To improve your sales results, you may have heard, stop trying to sell your drill—instead, sell the hole your drill creates.
In response to our clients’ needs, sales has evolved from selling a product or service to selling a solution, and more recently to selling an outcome. Apparently, that message has not reached most sales organizations who indiscriminately pitch you, me, and everyone with a working inbox. The spray and pray strategy reduces sales to a number game and has now been weaponized by technologies that bully, badger, and use brute force to acquire a response or a meeting.
Why You Sell Drills
Theodore Levitt, a marketing professor at Harvard Business School, taught his students that people don't buy drills, they buy quarter-inch holes. Salespeople who miss Levitt’s point will spend a lot of time talking about their drill. They'll explain that it comes with multiple drill bits, can reverse direction, has both a power cord and a battery backup, and that it all comes with a lifetime guarantee. What these laggards will not do is tell you about the hole, the actual result you need.
Apparently, LinkedIn mainly exists to provide lead generation companies a way to pitch their services to, well, everyone. These professional spam artists will try to sound smart: "We provide best-in-class sales & marketing automation tools for your business leads." Do they really think businesspeople wander around their offices keening for someone to offer yet another automation algorithm?
Once, selling a product or service meant telling your client everything about what you sell. Sales organizations spent time and money teaching and training their salespeople to be product experts, able to answer any question a prospective client might have had. The product provided the value, so every client had to know about its amazing features and benefits.
Once buyers and decision-makers stopped being interested in simply buying products and services, our sales approaches evolved to find a problem and propose our "solutions," a word that sounds just sophisticated enough to mask the fact that most solutions are still products or services. This legacy approach is still the dominant approach for most sales organizations, and it's the cause of many of their problems growing revenue.
But here’s the secret: you don't want to sell a drill or the hole.
Why You Need to Sell the More than the Hole
Eat Their Lunch is a book about stealing customers away from your competitors. In the first chapter, there is a framework titled "Level Four Value Creation™." The main idea is that starting with a conversation about your product (Level 1) positions you and what you sell as a commodity. Selling the experience (Level 2) is better than Level 1 alone, but it does little to differentiate you or what you sell. Selling a tangible result bumps you up to Level 3.
The 4th Level of Value is strategic. It's greater than the drill, the experience, or the hole. It speaks directly to why your client wants the hole. The drill is Level 1, the warranty and service is Level 2, the hole is level 3, and level 4 is what the client is trying to buy. One drill company, for instance, made their drills yellow to entice consumers who want to look like professionals, since tools on actual construction sites are often yellow. These customers bought the drill for a reason other than its ability to create a hole.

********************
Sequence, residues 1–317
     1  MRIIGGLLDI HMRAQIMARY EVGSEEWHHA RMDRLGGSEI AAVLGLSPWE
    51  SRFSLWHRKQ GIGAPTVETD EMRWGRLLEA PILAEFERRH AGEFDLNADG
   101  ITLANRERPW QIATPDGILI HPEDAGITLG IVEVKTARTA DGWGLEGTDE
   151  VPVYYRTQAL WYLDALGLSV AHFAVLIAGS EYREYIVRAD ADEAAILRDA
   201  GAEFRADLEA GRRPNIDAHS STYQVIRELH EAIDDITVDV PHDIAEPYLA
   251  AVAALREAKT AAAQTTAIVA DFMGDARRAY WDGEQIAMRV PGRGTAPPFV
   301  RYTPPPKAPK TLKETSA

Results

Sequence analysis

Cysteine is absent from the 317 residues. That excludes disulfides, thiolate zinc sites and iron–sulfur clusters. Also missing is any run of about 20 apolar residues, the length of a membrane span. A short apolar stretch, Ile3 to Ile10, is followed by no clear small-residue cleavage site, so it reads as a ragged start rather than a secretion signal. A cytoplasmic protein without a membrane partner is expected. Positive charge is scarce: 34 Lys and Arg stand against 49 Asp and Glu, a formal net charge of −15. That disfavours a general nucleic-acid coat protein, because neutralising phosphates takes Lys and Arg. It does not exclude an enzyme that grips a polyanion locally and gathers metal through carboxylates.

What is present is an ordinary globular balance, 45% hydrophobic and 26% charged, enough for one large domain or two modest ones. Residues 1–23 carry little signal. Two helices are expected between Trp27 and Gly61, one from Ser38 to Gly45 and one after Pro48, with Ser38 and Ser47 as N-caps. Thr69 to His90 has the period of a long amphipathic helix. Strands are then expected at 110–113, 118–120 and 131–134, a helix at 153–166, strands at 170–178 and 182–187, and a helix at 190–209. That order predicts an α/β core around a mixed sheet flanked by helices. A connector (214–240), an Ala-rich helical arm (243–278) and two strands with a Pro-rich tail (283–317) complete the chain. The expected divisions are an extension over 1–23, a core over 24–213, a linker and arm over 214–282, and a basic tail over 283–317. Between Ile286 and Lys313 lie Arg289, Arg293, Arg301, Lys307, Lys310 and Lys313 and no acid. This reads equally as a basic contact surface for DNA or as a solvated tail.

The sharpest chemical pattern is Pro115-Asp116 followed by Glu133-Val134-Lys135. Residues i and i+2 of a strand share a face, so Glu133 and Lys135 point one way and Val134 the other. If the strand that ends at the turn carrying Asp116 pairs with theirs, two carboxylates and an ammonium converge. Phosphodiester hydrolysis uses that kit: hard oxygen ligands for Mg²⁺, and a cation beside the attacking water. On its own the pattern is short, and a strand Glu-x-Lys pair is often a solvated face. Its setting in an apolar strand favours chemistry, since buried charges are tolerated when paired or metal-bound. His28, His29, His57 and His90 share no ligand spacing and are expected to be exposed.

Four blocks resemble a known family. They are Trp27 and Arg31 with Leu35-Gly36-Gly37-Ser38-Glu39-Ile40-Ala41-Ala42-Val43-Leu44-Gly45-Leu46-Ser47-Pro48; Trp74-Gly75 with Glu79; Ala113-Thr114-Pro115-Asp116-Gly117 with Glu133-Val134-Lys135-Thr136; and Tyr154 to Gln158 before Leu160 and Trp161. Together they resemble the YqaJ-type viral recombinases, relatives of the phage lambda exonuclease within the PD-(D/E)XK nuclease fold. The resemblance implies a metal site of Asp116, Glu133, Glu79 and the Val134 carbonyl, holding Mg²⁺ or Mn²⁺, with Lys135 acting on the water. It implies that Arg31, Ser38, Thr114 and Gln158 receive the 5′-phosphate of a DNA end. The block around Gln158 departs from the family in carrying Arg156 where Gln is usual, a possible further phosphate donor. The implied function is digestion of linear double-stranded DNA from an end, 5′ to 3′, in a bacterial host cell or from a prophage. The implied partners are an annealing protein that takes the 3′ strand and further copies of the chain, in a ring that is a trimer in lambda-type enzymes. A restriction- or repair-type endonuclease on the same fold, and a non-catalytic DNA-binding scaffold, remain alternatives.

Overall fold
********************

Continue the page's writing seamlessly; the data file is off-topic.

The tangible result that solves the client's "problem" and alleviates their "pain" is Level 3, but it is nowhere close to Level 4. The simple way to remove your client's ability to commoditize what you sell is to change the way you sell. When you are in a crowded market of "me too" competitors, the experience you provide the client is the differentiator. Mostly, your competitors will still believe they are selling their product or service, providing you with an opportunity to outflank them by starting the conversation at Level 4.
Here’s a more familiar example. No one buys sales training just because it’s sales training (Level 1). When they do, they hope the experience is good (Level 2). They pray that training provides the sales force with new and better skills (Level 3). But the real reason they buy training is to secure revenue growth, greater profitability, greater market share, or something else they believe is strategically important (Level 4).
The Implications of Level 4
When you sell your "solution," you are still selling your drill, even if you justify it by tying it to a problem.
For at least four decades, sales organizations have pursued their clients at Level 3, their ability to solve a problem. But now, most sales organizations must compete against other sales organizations to win any new business. When everyone sells the same way, with the same discovery approach, using the same strategies, and selling a "solution" that is indistinguishable from the next, it pays to move up to a greater level of value.
The greatest implication of Level 4 is that you are selling the outcome instead of your product, allowing you to be more consultative by offering your clients your counsel, your advice, and your recommendations. As a trusted advisor, you may teach your clients what they must do to achieve the strategic outcomes they are pursuing, including the things they need to change in their own company to succeed.
Here’s your homework: pick a few of the emails or InMails that pitch you a drill and determine what strategic outcome they should replace it with. Then take an honest look at your own pitches—are you doing any better?